After being beaten up by the wind and the waves for the last 4 days it has finally laid down out here. Yesterday really was the worst of the cruise in terms of discomfort. It’s not just how hard the wind blows but where on the ship it’s coming from – we’ve been lucky so far that when the waves and wind were this bad we were generally running with them – that is a tail wind – or to mariners, a following sea. A following sea is remarkably comfortable to ride in – when it is on the bow, or nearly in the bow– that is beating into the wind- and I think that term says it all – you feel pretty beaten up when the ship is crashing into waves and wind head on. With the waves being a bit off our starboard bow – that meant we also got a bit of a roll as well. Things that hadn’t’ moved all cruise went flying. A number of drink bottles and glasses hit the floor in the last day or so. Also some of the people trying to clean it up. But all is better today with the winds down and the waves too—it is another beautiful day in the Indian Ocean.
And we are almost back to Freemantle. For the last 20 hours or so, we have been mapping Perth Canyon. We were asked to do this because there was an earthquake recently (a couple of years ago) and they want to know if there were any changes to the sides of the canyon. So, just like we have been doing for the last month – we are using our echo profilers to make a picture of the bottom of the canyon. The tricky part was – that canyon is in a marine reserve. To do this work we applied for and got a permit, but it requires that we keep people posted on the bridge to look for whales and dolphins. Sure enough some dolphins came along to play on our bow wave – but the regulations require we had to stop and avoid them—so without a bow wave to play in, they left (sorry no pictures….).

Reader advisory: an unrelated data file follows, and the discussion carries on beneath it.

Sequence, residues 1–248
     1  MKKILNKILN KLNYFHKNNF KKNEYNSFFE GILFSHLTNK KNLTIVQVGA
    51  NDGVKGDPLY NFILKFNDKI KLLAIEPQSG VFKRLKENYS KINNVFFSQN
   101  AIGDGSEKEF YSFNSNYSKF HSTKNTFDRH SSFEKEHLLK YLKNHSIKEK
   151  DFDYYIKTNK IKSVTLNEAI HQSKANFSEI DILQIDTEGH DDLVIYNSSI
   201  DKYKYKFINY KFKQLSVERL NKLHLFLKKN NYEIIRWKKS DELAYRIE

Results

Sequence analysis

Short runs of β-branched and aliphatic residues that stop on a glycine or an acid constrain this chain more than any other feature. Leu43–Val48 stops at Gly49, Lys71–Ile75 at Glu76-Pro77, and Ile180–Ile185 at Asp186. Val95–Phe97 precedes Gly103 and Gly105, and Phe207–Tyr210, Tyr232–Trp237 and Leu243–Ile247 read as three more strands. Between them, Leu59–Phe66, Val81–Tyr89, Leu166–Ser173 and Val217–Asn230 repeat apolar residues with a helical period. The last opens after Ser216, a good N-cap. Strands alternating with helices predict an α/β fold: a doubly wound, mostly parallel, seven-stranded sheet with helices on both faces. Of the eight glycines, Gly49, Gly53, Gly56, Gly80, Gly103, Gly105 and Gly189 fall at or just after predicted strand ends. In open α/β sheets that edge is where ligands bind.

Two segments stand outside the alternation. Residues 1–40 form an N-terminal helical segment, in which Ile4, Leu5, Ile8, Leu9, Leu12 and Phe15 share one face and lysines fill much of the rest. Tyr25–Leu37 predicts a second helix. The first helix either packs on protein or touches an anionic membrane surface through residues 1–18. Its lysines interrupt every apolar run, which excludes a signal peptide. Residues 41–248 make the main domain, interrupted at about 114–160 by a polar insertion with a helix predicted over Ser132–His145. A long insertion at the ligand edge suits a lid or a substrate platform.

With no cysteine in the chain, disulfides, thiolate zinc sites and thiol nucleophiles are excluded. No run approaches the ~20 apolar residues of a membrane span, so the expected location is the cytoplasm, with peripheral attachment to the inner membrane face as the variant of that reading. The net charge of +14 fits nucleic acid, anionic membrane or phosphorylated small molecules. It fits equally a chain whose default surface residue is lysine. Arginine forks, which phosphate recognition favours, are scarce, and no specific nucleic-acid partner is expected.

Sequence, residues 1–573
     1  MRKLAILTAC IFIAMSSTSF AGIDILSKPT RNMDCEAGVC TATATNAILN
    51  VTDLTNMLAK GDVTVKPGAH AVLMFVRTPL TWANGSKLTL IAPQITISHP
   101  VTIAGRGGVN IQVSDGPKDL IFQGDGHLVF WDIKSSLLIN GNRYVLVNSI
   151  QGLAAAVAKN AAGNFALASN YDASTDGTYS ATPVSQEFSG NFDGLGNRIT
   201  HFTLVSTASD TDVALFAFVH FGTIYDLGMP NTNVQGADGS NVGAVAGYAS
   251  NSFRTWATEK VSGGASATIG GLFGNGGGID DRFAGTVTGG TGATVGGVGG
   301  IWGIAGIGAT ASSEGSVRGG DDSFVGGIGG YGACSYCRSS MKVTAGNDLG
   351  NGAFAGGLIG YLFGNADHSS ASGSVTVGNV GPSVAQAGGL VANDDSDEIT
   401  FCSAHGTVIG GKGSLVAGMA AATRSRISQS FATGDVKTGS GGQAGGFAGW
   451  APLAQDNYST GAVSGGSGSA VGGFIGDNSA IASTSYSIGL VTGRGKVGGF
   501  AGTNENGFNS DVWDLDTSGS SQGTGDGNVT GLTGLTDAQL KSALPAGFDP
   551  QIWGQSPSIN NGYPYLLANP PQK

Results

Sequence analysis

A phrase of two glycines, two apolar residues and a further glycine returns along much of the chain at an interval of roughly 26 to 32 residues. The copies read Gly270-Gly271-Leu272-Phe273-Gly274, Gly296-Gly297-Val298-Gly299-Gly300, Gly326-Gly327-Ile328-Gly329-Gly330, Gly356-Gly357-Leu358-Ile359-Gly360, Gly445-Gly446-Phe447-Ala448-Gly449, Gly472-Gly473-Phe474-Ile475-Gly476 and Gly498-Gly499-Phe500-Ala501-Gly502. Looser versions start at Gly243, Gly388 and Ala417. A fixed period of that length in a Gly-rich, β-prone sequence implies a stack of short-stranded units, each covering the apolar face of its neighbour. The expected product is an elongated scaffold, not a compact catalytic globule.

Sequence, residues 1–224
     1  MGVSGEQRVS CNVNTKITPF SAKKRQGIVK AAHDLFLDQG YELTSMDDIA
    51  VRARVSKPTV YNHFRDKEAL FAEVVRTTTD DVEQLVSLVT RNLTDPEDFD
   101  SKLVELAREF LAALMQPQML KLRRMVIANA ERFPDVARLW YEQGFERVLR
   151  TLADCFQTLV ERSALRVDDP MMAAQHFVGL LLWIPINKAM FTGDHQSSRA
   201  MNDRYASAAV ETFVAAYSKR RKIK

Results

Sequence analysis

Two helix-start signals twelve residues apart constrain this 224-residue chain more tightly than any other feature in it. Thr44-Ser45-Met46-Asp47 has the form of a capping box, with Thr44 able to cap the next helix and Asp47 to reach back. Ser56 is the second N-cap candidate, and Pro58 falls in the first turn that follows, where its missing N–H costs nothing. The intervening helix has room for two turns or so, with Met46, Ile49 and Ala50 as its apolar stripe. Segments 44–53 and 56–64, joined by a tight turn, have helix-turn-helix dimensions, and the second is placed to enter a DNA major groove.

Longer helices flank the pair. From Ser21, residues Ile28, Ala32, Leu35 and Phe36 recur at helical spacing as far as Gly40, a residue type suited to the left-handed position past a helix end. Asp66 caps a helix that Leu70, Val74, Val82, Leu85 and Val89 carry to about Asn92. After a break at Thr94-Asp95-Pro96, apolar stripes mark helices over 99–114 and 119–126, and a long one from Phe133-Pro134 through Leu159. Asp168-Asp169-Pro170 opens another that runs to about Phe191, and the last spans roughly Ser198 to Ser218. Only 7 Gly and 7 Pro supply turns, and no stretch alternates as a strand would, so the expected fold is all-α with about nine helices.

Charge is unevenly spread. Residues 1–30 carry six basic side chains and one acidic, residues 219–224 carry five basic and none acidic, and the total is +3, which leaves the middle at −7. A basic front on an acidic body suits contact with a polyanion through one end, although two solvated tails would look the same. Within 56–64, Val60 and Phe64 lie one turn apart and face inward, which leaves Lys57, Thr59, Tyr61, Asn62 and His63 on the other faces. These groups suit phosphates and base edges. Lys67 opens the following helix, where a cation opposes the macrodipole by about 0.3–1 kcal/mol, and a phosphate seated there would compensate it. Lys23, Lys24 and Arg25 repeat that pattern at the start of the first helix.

One of the hardest things about being at sea is being on the ship during the holidays. We made the place pretty festive for Thanksgiving… But Christmas is just around the corner. We won’t be here but the ship’s crew will be. The head cook asked us if we wanted to make gingerbread houses to brighten the place up… so we said yes…but in the end we made a gingerbread Thomas G. Thompson. It was definitely a team project – and it came out stunningly well – especially the dioramas of the labs and coring sheds….it was a good way to keep busy while it was too rough to do anything else…
Today it was calm enough to start on the big tasks – we put away the multicore. Stowed the rest of the cores in the reefer van and generally cleaned up….
Tomorrow at 5 am we will be at the Pilots station to take on the pilot who will take us into port… almost there!!